Unless you’re living under a rock, you are probably aware of the global phenomenon that is the “Gangnam Style” video, by South Korean rapper Psy. With its colorful visuals and most especially its “horse-riding” dance, it transcended barriers and entertained a multitude of different cultures–no need to be a fan of K-Pop or know the Korean language to appreciate this phenomenon (though it enhances the experience if you happen to be one or the other).
But as entertaining as the video was, I was initially dismissive of the song as a silly novelty ditty and that it is as shallow as, say, LMFAO’s “Party Rock Anthem”–I don’t have anything against catchy, shallow songs, mind you, as we all sometimes need to check our brains at the door and just have fun.
I read on and of course learned that Gangnam referred to an affluent district in Seoul, the capital of South Korea, and reading the translation of the lyrics, it made me recall another novelty rapper in my shores, Andrew E, and his ode to “Alabang Girls” (Alabang is usually considered a relatively affluent district in the city of Muntinlupa, in the southern part of Metro Manila). Andrew E’s ditty was released back in 1992, a whopping 20 years before this phenomenon.
But unlike the Andrew E song, “Gangnam Style” (both song and video) is actually more of a satire of the affluent lifestyle, especially the nouveau riche. A lot of writers have already interpreted the video’s meaning so I won’t bother elaborating them here anymore.
I monitor the Billboard Korea K-Pop charts and I was surprised to see other tracks from Psy’s latest EP (Psy’s Best 6th Part 1) having relatively long legs in the charts, with a couple of songs other than “Gangnam Style” lingering in the Top 10 for more than 6 weeks (most of the time other album tracks from a major star would hit then would immediately plummet down the charts the following week). It made me intrigued to listen to what they actually sound like–and boy was I majorly surprised! I got to listen to four of the six tracks (including “Gangnam Style”) expecting variations of the hit single, but instead the collection featured an eclectic range of musical styles executed with exquisite songcraft; they are arguably deeper than what “Gangnam Style” would lead you to believe and revealed that Psy has significant depth and range as an artist. They hold up with the best and catchiest K-Pop songs out there.
Let’s start with the album opener, which is either translated as “Blue Frog” or “Tree Frog”, a collaboration with G-Dragon from the popular boy band Big Bang. It’s a hard-driving fusion of hard rock, groovy funk, and electro-dance with lyrics that shares the same sentiments as Lady Gaga’s “Born This Way”, but with a defiant twist. The chorus rhytmically evoked Lady Gaga’s song, but cleverly the melody is different that no one can accuse Psy of plagiarism (unlike the way Lady Gaga “borrowed” the melody of Madonna’s “Express Yourself” for her song). I’m embedding a clip that shows English translation and Korean lyrics (plus Vietnamese translation) to help you appreciate the meaning and sing along, too.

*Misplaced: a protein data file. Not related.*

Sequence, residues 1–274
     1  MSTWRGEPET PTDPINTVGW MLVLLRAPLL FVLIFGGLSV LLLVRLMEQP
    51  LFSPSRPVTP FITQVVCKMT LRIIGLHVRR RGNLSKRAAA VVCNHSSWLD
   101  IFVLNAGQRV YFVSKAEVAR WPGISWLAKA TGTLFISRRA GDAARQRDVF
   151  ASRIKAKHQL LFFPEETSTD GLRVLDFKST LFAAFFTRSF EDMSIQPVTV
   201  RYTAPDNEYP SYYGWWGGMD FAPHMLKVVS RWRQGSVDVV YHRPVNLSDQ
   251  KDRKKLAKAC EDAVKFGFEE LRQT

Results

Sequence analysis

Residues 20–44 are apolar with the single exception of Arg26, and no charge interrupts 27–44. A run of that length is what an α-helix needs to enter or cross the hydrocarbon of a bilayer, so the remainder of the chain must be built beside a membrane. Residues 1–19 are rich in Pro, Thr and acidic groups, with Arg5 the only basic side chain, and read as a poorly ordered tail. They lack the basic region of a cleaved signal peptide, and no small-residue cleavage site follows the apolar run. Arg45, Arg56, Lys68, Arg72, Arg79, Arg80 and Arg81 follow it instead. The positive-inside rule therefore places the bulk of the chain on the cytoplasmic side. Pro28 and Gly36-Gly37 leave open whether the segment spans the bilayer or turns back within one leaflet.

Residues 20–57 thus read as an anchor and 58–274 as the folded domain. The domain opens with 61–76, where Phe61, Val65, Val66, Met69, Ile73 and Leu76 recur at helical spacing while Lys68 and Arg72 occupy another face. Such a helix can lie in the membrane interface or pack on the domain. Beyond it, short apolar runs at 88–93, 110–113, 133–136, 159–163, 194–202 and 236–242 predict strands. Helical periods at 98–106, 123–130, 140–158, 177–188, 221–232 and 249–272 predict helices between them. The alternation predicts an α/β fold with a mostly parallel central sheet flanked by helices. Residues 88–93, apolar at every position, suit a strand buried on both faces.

The second track of the EP is usually translated as “Passionate Goodbye”, though the artwork for the track shows “Hot Goodbye”. This is a collaboration with veteran balladeer Sung Si Kyung, though this is not a ballad but a lush pop/dance track. The soaring chorus somehow made me recall the British band Steps evoking legendary Swedish band ABBA like in the song “One for Sorrow“. I have to note Sung Si-Kyung usually has a geeky image as he often sports prescription eyeglasses, but apparently he was in the mood for an “image upgrade” as he guested in Psy’s now-legendary August summer concert sporting dark shades and a suit, as shown in the video embedded below.
The last track that I got to listen in full was “What Should Have Been”, a jaunty, sauntering romantic hip-hop ballad about regretting ending a relationship, recorded with Park Jung-Hyun (a.k.a. Lena Park). It has a melody and hooks that would remain embedded in your head for days. I only heard snippets from the original recording, but heard the song in full in his live concert video, this performed with another lady surnamed Park (actually, Psy’s real surname is also Park, by the way)–Park Bom from the superstar girl group 2NE1. Lena Park’s vocal has a wistful innocence from the snippets I heard, while Park Bom lent a womanly earthiness. This could be an awesome follow-up single for the US and European markets (as long as they find suitable English lyrics that approximate the flow of the Korean original) and perhaps for the US market they could use Park Bom’s take instead of Lena Park as Americans tend to like their female vocals grittier and earthier instead of soft and ethereal.
Listening to this sterling collection of tracks made me want to discover Psy’s earlier work. And there are more gems to be unearthed, as it turns out. In the next and last sections of this three-part essay, I will highlight more of Psy’s “gems”…